The coyotes of Manhattan: Meet New York City’s thriving wildlife underbelly

The coyotes of Manhattan: Meet New York City’s thriving wildlife underbelly
·4 min read

Last February, footage emerged of a New York City local peacefully enjoying a walk through a snowy corner of Central Park.

The New Yorker in question was seen strolling near a pond on the east side, with parks department officials asking people to “stay calm”, local news channel ABC 7 reported.

The individual in question was a coyote — a nearly three-foot long carnivorous canine with tawny fur, perky ears and a bushy tail, known in the US mainly for suburban dog-snatchings, and unsuccessful (but fictional) attempts to catch a certain roadrunner in the desert Southwest.

While such a predator may seem out of place in the heart of New York City, the Central Park coyote wasn’t the only one of its kind in Manhattan. Coyotes have also been spotted on the Upper West Side as well as in parks along the far northern tip of the island, per Gothamist — in addition to spots in the outer boroughs of Queens, Staten Island and the Bronx.

And those are just the coyotes. Researchers recently set out to document the full extent of mammalian life in New York — from chipmunks to feral cats — and found a panoply of furry, hoofed and clawed creatures who call the Big Apple home.

The scientists placed motion-activated camera traps, that can quickly snap photos of passing animals, in 31 parks around the city, spanning every borough except Staten Island, along with parts of Long Island and Westchester. They published their results this month in the journal Frontiers in Ecology and Evolution.

In total, they recorded at least 15 different mammals — including domestic dogs, domestic cats and humans. Some of the wild species are seen often such as gray squirrels, rabbits and chipmunks.

But others lurk through the streets of Gotham mostly undetected, preferring the shadows to the open fields — like raccoons, skunks and Virginia opossums, all of which were found across the city.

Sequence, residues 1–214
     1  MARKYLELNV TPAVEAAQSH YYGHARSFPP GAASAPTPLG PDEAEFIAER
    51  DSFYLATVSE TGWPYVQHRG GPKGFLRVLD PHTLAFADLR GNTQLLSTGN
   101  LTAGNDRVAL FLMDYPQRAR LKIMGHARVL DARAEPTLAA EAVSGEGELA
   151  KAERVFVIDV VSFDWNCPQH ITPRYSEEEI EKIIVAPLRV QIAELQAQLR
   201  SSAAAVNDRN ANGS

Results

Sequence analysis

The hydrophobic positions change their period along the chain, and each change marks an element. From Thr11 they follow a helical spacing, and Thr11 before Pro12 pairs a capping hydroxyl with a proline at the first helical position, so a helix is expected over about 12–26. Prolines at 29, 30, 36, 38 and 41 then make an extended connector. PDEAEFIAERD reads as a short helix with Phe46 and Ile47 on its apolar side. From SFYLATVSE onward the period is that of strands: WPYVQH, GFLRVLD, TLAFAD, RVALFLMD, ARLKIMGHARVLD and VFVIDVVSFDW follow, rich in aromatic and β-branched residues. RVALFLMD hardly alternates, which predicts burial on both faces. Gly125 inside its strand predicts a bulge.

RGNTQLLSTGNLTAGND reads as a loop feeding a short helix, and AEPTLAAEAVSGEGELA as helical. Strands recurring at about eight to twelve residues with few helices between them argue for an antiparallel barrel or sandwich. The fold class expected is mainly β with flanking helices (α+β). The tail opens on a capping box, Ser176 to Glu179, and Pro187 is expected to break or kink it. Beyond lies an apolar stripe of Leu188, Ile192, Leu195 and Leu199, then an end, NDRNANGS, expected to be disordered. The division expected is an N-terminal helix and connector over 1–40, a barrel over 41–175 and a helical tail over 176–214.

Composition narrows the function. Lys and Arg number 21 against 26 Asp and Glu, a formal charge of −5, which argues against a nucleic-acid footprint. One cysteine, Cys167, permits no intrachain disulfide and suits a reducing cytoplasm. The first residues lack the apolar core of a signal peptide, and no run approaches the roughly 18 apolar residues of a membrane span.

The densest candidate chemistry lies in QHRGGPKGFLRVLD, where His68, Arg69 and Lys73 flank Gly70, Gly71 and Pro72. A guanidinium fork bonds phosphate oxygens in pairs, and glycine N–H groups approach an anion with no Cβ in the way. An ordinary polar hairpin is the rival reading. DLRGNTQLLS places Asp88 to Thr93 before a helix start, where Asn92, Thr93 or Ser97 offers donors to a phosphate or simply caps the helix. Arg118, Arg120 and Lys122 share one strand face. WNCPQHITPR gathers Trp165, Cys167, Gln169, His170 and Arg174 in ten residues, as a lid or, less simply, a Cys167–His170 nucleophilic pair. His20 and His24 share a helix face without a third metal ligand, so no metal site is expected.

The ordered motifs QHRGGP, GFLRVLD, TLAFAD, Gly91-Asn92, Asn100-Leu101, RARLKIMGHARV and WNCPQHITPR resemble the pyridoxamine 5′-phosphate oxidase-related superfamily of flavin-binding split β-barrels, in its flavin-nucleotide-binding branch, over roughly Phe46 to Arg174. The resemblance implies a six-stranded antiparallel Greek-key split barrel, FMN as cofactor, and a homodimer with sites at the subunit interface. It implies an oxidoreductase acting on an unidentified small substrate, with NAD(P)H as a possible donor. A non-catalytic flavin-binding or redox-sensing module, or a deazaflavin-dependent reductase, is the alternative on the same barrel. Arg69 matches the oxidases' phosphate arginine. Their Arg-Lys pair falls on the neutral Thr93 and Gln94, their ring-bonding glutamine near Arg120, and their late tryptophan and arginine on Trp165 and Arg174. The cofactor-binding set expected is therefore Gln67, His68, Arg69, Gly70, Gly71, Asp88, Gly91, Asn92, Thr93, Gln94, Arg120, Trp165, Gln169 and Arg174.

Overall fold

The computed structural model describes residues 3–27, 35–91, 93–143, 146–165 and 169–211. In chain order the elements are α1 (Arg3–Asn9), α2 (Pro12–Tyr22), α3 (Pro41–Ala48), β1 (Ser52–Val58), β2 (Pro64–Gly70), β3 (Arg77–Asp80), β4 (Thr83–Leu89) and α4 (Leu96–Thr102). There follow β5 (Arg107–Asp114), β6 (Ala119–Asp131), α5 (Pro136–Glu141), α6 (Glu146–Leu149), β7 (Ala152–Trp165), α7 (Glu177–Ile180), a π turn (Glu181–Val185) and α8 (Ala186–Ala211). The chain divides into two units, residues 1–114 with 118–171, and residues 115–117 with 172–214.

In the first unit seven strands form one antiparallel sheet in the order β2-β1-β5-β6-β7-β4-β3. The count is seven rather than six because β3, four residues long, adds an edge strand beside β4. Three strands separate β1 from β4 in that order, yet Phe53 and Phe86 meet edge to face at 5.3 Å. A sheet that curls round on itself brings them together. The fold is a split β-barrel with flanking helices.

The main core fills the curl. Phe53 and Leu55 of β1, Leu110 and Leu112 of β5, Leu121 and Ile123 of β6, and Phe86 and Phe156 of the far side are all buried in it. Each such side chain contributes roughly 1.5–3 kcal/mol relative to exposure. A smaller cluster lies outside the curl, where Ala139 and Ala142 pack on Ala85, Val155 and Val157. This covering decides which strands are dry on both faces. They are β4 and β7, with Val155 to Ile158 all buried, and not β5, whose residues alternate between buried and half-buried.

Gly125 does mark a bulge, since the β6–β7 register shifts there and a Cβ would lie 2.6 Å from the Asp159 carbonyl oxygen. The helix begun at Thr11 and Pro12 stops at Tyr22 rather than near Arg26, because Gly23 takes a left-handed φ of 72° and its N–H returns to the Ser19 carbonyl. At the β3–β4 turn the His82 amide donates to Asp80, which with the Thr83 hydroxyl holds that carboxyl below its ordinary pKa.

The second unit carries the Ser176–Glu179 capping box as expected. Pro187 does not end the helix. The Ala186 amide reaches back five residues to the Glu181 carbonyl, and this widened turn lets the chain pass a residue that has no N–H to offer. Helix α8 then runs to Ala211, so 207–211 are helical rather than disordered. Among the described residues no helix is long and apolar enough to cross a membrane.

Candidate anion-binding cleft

And then there were even more unexpected visitors, like the coyotes and some red foxes — as well as white-tailed deer, which were seen in a few spots in the Bronx. The camera traps even picked up one mink, a ferret-like relative of weasels, in a Manhattan park underneath the George Washington Bridge.

Coyotes, despite showing up in Central Park prior, only appeared on camera traps in Inwood Hill Park at the very northern tip of Manhattan, as well as in the Bronx and Queens.

Unsurprisingly, the study also noted that they snagged photos of small rodents in the Muridae family — i.e., rats and mice.

Some of these were pretty common. Cats, squirrels and racoons were picked up in every single park they looked at, for example. Both humans and opossums showed up in camera traps in 87 per cent of the parks.

The researchers analysed what might be drawing these animals to different parks. They found that larger parks tended to attract more species, and areas that were more “natural” — meaning less altered by humans — had higher species diversities, on average.

That’s rather intuitive, as you could more imagine a deer enjoying an afternoon in a larger, quasi-suburban spot in the Bronx surrounded by fields and trees than at the small but mighty Washington Square Park in downtown Manhattan, complete with skateboarders and buskers.

The data reflected as much, with the highest species richness found in spots like Pelham Bay Park and Van Cortland Park, two larger swaths of habitat in the Bronx.

New York City might also be just a bit too urbanized for some animals who live elsewhere in the state, the authors note, such as black bears and bobcats.

The study only looked at mammals, and didn’t touch Staten Island, the least population-dense borough. In addition to mammals, the city is home to birds like red-tailed hawks and great blue herons, reptiles like turtles and any number of insects, cockroaches included.

But overall, these results could show a more hospitable landscape for wildlife across New York City than might be imagined — and a potentially brighter future.

“While urbanization is generally detrimental to biodiversity, we found that there were greenspaces in the New York metropolitan area where mammalian diversity was high,” the study authors wrote.

“This suggests that there is a potential to make cities more suitable habitats for many mammalian species and that a barren ecology is not inevitable.”